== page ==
Investigation of factors influencing feedlot performance and profitability in the 2001-2002 Texas A&M ranch to rail program- south
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Data from the 2001-2002 Texas A&M University Ranch to Rail Program-South were used to determine factors that influence cattle feedlot performance and profitability. Steers (n=860) were classified according to sire (SBIO) and dam (DBIO) biological groups, kill groups (KILL), and entry month (ENTRYMON). Biological groups were determined by predominant genetic make up of the sire or dam. Traits evaluated included net income (NI), feedlot average daily gain (ADG), slaughter weight (OUTWT), carcass weight (CW), fat thickness (FT), longissimus muscle area (LMA), marbling score (MS), yield grade, (YG), medicine costs (TOTMED), and carcass value (CVL). Analyses of covariance were performed to determine differences between SBIO and DBIO, KILL, and ENTRYMON, and the influence of initial feedlot weight (INWT). Sire biological type had a significant effect on NI, ADG, FT, LMA, MS, YG, and CVL. Dam biological type and KILL had significant effects on all traits excluding TOTMED. Entry month accounted for no differences. Among SBIO groups, British-sired steers exhibited greatest values for ADG (1.39 kg/d), MS (457), FT (1.45 cm), CVL ($891), and NI ($25.62). Continental-sired steers exhibited the largest LMA (97.65 cm) and lowest YG (2.51). Brahman-sired steers exhibited the lowest ADG (1.32kg/d), MS (405), CVL ($859), and NI ($-17.80). Multiple regression was performed to determine which traits had the greatest effect on CVL and NI. Independent categorical effects were SBIO, DBIO, KILL and ENTRYMON, while independent continuous effects were INWT, ADG, FT, LMA, MS and TOTMED. Both CVL and NI were influenced by CW, FT, LMA, and MS, but not by ADG, INWT, or TOTMED. Phenotypic correlation coefficients were determined among all traits. Highest correlations were present between CVL: and NI, CW, ADG, and LMA (0.80, 0.81, 0.54, and 0.49, respectively). Strong correlations were seen between ADG and CW (0.63), FT and YG (0.87) and YG and LMA (-0.51). Marbling score was moderately correlated to CVL (0.30) and NI (0.30). This study indicates that a wide variety of traits interact to determine CVL and NI in retained ownership programs, and that maximizing carcass value does not ensure increased profitability.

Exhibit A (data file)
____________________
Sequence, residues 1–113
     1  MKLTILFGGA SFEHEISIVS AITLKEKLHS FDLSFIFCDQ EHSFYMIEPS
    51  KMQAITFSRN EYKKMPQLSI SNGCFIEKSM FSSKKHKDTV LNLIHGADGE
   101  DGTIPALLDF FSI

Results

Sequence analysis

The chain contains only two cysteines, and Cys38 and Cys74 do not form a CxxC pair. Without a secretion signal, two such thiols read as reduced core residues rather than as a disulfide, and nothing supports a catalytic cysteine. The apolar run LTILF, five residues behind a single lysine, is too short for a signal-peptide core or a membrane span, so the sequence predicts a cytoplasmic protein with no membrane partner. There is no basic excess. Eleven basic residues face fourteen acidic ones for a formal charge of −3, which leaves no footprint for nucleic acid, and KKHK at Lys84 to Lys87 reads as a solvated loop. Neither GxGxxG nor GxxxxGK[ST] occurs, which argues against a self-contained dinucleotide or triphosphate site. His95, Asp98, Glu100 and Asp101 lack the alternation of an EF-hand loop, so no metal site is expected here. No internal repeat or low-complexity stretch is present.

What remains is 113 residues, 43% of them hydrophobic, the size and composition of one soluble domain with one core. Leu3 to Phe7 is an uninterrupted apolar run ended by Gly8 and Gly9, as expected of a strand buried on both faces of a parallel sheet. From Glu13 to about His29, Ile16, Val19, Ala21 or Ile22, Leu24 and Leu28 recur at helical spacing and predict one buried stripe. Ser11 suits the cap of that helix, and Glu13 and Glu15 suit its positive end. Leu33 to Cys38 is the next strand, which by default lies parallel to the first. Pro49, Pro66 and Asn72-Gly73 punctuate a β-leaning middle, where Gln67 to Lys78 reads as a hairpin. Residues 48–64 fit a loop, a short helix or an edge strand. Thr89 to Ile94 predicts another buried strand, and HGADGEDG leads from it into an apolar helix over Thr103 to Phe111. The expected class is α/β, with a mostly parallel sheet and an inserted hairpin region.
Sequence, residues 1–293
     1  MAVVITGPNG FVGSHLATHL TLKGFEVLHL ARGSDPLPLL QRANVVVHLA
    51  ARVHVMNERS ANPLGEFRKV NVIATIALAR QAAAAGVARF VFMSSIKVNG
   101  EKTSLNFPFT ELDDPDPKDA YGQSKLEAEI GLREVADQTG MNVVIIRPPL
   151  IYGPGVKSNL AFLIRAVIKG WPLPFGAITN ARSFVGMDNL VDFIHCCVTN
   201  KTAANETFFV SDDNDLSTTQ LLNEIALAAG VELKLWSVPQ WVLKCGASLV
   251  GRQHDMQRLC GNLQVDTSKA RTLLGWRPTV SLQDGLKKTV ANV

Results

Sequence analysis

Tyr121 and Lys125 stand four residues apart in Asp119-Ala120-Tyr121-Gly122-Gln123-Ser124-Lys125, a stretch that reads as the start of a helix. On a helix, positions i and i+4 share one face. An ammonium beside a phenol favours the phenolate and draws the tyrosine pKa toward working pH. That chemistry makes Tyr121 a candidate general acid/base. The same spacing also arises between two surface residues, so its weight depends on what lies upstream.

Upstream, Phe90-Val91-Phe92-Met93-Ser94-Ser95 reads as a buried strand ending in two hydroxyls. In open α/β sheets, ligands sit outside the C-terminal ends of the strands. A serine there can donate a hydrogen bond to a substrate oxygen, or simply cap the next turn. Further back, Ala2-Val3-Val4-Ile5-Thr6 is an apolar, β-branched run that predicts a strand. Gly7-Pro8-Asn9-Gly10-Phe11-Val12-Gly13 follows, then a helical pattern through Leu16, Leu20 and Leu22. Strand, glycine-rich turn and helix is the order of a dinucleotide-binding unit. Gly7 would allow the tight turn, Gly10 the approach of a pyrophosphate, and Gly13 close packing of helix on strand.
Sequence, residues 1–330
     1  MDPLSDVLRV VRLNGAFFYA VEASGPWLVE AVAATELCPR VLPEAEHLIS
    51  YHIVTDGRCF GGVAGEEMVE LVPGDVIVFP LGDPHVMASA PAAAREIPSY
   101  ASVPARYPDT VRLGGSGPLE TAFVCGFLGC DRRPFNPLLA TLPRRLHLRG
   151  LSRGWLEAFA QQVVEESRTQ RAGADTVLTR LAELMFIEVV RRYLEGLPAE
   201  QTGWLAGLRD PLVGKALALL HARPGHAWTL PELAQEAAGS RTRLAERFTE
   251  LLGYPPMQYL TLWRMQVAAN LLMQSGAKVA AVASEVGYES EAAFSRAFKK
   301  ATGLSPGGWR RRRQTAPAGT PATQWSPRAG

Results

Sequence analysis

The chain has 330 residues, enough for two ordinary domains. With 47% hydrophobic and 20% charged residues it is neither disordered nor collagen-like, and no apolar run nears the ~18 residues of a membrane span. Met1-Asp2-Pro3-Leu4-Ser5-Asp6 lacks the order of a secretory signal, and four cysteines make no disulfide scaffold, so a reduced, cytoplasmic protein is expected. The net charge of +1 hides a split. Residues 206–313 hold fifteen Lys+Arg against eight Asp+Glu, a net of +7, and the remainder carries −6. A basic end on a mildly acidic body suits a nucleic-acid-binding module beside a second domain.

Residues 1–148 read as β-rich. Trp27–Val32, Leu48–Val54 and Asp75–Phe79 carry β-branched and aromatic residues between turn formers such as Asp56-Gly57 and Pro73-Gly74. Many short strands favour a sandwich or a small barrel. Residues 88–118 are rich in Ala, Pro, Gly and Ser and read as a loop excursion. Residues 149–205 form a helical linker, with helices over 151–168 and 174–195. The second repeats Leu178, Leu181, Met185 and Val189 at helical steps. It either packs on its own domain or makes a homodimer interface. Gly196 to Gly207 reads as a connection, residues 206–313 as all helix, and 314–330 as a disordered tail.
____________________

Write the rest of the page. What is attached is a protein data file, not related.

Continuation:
Harborth, Karl Walter (2003). Investigation of factors influencing feedlot performance and profitability in the 2001-2002 Texas A&M ranch to rail program- south. Master's thesis, Texas A&M University. Texas A&M University. Available electronically from